Employers, Beware! It’s Intern Season!

Internships are a great way for college students to get credit and real-life experience in their field. Employers benefit from hiring interns because they get to act as a mentor as well as have some extra help around the office for the summer. But employers must keep a certain standard of practice when it comes to hiring and maintaining interns.

Employees who perform work must be paid wages unless they qualify as an intern. In January of 2018, the Department of Labor adopted a primary beneficiary test to determine if an internship can be “unpaid.”  If the employer is the “primary beneficiary”, the intern must be paid.  If the intern is the “primary beneficiary” then he or she may be unpaid.

The primary beneficiary test factors include: 

  • the extent to which the intern and the employer clearly understand that there is no expectation of compensation;
  • the extent to which the internship provides training that would be like that which would be given in an educational environment, including the clinical and other hands-on training provided by an educational institution;
  • the extent to which the internship is tied to the intern’s formal education program by integrated coursework or the receipt of academic credit;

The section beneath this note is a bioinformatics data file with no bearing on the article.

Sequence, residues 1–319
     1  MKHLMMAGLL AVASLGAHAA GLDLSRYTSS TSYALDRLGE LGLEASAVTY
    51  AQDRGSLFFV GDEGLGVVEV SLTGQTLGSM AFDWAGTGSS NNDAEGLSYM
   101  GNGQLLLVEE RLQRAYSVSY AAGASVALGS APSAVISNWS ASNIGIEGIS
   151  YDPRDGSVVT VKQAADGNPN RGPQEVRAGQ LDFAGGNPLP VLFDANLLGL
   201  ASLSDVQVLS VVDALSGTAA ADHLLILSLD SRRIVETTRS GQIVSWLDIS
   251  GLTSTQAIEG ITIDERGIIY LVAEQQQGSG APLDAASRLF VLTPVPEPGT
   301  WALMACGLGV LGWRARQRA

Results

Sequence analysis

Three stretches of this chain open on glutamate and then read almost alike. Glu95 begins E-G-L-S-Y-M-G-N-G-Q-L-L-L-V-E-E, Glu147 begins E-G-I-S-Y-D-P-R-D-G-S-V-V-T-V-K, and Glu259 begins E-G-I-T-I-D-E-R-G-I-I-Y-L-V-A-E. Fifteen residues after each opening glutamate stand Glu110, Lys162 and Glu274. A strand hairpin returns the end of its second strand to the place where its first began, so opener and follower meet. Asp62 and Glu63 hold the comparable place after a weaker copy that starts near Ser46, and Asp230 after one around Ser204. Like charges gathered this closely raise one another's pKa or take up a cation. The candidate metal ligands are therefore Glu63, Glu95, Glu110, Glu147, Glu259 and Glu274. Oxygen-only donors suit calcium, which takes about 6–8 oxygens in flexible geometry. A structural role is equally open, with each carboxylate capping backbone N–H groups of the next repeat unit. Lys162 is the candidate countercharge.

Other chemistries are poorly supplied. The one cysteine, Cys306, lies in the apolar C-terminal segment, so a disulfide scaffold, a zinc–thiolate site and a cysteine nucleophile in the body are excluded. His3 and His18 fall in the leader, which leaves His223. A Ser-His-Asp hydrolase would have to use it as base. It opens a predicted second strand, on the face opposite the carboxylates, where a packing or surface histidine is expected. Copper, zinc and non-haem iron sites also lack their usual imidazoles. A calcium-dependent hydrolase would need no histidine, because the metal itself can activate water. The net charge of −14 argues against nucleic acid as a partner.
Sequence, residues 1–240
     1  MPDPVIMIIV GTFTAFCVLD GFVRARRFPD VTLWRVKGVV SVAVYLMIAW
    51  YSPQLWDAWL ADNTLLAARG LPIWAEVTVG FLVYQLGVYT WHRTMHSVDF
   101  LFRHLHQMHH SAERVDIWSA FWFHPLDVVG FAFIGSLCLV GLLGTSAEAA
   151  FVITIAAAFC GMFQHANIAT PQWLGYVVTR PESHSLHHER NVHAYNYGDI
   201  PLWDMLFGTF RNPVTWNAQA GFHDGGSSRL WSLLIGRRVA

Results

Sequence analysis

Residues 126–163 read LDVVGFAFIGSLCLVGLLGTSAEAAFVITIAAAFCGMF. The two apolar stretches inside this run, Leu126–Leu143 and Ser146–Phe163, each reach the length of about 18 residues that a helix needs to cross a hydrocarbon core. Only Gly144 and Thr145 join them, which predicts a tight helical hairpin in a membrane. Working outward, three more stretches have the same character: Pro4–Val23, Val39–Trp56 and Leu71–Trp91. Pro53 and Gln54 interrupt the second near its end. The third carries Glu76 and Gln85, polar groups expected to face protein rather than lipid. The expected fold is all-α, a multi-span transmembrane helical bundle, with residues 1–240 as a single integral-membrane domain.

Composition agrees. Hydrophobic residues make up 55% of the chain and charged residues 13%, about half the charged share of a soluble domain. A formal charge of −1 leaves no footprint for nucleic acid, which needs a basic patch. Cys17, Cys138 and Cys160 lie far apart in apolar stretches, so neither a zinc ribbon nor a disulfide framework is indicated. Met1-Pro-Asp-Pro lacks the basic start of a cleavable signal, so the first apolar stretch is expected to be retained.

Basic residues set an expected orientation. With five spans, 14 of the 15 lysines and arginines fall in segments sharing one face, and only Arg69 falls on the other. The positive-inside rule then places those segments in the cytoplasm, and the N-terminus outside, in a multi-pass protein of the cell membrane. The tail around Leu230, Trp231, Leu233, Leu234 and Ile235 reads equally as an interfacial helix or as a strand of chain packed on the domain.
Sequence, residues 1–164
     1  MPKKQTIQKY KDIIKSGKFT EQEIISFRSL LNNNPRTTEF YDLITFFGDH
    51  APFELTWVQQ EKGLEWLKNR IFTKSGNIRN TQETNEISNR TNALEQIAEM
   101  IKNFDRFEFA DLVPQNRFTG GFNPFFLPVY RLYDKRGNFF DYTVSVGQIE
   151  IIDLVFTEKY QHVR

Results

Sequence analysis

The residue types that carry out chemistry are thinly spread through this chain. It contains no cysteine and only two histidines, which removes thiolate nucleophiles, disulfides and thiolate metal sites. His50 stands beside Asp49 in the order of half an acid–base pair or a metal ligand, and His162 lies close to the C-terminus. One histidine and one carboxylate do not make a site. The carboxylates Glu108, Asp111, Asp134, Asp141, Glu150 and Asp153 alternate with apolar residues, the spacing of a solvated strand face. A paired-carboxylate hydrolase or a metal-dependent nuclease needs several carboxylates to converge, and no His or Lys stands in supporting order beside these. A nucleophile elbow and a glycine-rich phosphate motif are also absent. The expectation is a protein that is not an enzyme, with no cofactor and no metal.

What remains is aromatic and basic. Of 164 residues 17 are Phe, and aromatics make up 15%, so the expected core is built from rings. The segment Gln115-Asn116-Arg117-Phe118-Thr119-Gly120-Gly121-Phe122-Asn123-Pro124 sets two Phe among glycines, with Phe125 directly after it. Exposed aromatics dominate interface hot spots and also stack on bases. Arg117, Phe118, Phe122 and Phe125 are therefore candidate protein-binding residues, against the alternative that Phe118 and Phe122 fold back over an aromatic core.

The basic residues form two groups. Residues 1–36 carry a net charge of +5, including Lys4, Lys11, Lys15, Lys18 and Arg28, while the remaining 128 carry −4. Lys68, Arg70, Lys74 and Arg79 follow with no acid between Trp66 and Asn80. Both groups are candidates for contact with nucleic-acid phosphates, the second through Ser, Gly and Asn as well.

• the extent to which the internship accommodates the intern’s academic commitments by corresponding to the academic calendar;
  • the extent to which the internship’s duration is limited to the period in which the internship provides the intern with beneficial learning;
  •  the extent to which the intern’s work complements, rather than displaces, the work of paid employees while providing significant educational benefits to the intern;
  • and the extent to which the intern and the employer understand that the internship is conducted without entitlement to a paid job at the conclusion of the internship.

If a student intern is just doing menial tasks and filing documents, the intern must be paid minimum wage and time and a half for all time worked over forty hours in a workweek. Employers need to design meaningful and educational internship programs that benefit both the business and the intern.

If you have any questions about internships and employment contracts, please give us a call. Our experienced employment law attorneys have had countless success serving businesses in all sorts of industries.